IT'S A LIVING… BUT IT'S NOT A LIFE #9.8
J Church / Honey Bear Records Newsletter - Summer '01
Coming down fast…
BAY AREA GIGS…
Hey, thanx to anyone who came out to or helped out with those Bay Area
gigs this past weekend. It was really great to come out for just a few
gigs. It was really great to play with Citizen Fish again. You know, our
very first gig was opening for them at the Chameleon. No lie.
Also, it was great to see Pirx The Pilot live not to mention The Urchin
from Japan. It's hard to call these bands up and coming as they've both
got music out and they're both made up of veteran scenesters. Suffice
it to say that I'm sure we'll be gigging with them again and I'll be greatly
looking forward to it.
I didn't get to see `em play as our gigs conflicted. But it was also
nice to hang out with the folks from Kill The Man Who Questions (I think
that's what they're called. I get all these "Man Starts Fire To Warm
The Down Comforter Of Revolution" type band names mixed up) at the
MRR house. Man, they are some of the funniest guys I've ever met. It's
a shame we didn't play together as we were all in town. Shit, it all leads
back to my argument against genre segregation. There was a time when we
could play with hardcore bands and it was no big thing. Why do promoters
feel the need to book a bunch of bands that are all similar? Wouldn't
it have been great to have one big gig with Citizen Fish, The Urchin,
Kill The Man, Pirx The Pilot and (if time permits) J Church? Blah, blah,
blah. I know I'm repeating myself…
THE TRUTH ABOUT PUNK IS OUT THERE
Of course, it was also really great staying at the Maximum house and
chillin' with Mike "The Thorn" Thorn and Arwen. I have to say
that they are the first coordinators that I have total (uh, well, as close
to total as I can get) faith in. They strangely compliment each other.
The straight edger and the drinker. The vegan and the fish contemplator.
They're a demented yin yang.
Meditating on that idea led me to an epiphany:
Mike "The Thorn" Thorn and Arwen Curry are the Mulder and
Scully of DIY.
Think about it. No, don't think too hard about it. Just a little…
Tell me you don't totally agree with me… Follow this metaphor for
a moment, please…
Mike Mulder: "Arwen, can't you grasp the concept that by exploring
the possibilities of revolution through demo tape and zine culture the
entire structure of society can be altered which is why the government
has developed a secret program to disseminate "travelogue zines"
to dilute the revolutionary potential of zine culture?"
Arwen Scully: "Mike, isn't it more likely that most zines just suck?"
Of course, that would make Mark Murrmann, Tom Hopkins and Floyd the
Lone Gunmen. But that's enough of that…
NEW J CHURCH CD IS OUT ON HONEY BEAR RECORDS
Okay, Meaty, Beaty, Shitty Sounding is finally out
on Honey Bear Records. Needless to say, you can mail order it right from
me. I'm pretty happy with it. It's got 20 tracks from singles and compilations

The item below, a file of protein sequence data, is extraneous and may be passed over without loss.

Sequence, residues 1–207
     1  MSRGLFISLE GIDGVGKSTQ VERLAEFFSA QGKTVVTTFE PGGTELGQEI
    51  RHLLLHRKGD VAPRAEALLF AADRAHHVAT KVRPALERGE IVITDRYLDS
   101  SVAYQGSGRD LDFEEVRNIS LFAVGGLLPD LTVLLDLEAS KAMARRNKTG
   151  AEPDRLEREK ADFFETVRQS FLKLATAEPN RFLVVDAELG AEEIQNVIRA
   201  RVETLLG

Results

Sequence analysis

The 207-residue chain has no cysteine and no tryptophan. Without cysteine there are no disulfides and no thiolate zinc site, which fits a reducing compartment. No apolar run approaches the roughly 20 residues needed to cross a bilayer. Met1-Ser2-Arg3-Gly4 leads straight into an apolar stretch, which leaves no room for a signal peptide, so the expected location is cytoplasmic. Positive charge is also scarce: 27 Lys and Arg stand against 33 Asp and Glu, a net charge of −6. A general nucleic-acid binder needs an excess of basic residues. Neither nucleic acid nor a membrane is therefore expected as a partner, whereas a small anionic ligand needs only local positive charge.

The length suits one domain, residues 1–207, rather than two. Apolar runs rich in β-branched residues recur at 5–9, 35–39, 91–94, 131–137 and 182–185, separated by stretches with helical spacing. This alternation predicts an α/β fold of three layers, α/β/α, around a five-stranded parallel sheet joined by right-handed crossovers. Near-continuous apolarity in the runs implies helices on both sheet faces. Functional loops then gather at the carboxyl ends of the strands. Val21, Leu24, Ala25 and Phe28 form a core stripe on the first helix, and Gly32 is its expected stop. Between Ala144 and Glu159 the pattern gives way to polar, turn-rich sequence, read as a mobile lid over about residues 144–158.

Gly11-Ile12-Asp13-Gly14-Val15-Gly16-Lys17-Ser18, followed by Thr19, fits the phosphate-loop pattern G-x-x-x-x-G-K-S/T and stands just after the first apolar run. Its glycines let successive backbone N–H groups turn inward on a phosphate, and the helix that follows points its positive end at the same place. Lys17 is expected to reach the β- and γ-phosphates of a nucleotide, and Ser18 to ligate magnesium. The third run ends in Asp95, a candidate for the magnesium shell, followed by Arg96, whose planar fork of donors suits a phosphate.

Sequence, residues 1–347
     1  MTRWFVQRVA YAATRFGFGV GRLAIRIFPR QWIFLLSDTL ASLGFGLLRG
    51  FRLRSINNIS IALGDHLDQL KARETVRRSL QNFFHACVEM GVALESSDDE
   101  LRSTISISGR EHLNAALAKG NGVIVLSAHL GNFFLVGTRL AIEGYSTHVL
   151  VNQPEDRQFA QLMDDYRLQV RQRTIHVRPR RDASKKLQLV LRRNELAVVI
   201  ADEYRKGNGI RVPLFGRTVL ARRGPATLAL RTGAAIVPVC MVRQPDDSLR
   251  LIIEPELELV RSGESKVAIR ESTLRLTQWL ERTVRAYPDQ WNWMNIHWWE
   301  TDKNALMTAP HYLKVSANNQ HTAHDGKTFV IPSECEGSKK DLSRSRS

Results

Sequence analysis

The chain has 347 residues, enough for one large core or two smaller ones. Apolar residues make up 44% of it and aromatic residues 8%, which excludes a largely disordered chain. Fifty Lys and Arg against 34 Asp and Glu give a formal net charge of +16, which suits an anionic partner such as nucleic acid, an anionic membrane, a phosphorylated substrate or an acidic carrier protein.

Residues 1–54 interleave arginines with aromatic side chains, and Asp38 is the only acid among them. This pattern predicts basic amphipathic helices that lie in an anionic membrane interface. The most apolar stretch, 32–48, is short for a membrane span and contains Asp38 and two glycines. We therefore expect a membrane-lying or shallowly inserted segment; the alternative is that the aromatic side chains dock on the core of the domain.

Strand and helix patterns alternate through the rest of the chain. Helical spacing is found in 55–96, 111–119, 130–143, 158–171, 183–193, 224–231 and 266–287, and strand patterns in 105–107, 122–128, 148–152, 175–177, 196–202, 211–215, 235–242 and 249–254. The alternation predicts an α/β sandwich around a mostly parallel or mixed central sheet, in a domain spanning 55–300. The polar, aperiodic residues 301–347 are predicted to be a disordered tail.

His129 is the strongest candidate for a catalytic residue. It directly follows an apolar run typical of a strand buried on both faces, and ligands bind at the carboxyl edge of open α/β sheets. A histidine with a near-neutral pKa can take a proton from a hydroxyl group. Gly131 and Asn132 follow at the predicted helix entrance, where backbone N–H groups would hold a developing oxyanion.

from the past few years. Here's the list:
Telephone Line, Turn To Stone, Sweet Talkin' Woman, Don't Bring
Me Down, Tightrope, Palm Tree, Closing Time In An Early Town, Harvest,
You're The One That I Want, Kill Surf City, Lemon Zinger, Winter Comes
Again, Indignation, Socialist Newspaper, Disappear, Pointless Pointing,
Sea Of Pearls, Earthquake Song, Crazy Lady On Market Street, Travelers
THE FUCKING CHAMPS HAVE STARTED THEIR OWN FUCKING GENRE
I love the Fucking Champs. I love the guys in the band and I love the
music they play. Hey, there's a sleeping metal head in all of us and he/she
needs to be awoken. But I have to admit; I thought that what they did
was on the periphery. To be a mostly instrumental metal band ("instrumetal"
if you will) is unique enough. To have no bass makes you even further
out there in the concentric spirals of musical conformity. I never could
have guessed that they would spawn an actual genre of music.
I guess we are reaching the new wave of metal and it's nothing that
anyone could have predicted. Smart, self-aware, prog metal? How could
this have happened? Where was metal heading?
Once the leap was made from heavy metal to speed metal, forces were
set in motion that could only lead in one direction; Satan (and I mean
that in a good way… sorta). All musical currents can usually follow
some sort of genealogy and metal is no different from jazz or punk or
avant-garde polka in that respect. It's not to hard to see how Venom paved
the way for Slayer who paved the way for Carcass who paved the way for
Morbid Angel who paved the way for Deicide who paved the way for Cradle
of Filth. Shit, looking back on it, they look like battles in a long war.
There's something really macho even about the progression from generation
to generation. Everyone wants to be more and more extreme. What's the
The Fucking Champs are smart guys. They read books and stuff. They watch
"films" as well as "movies". These guys aren't your
stereotypical metal heads. No "Heavy Metal Parking Lot" types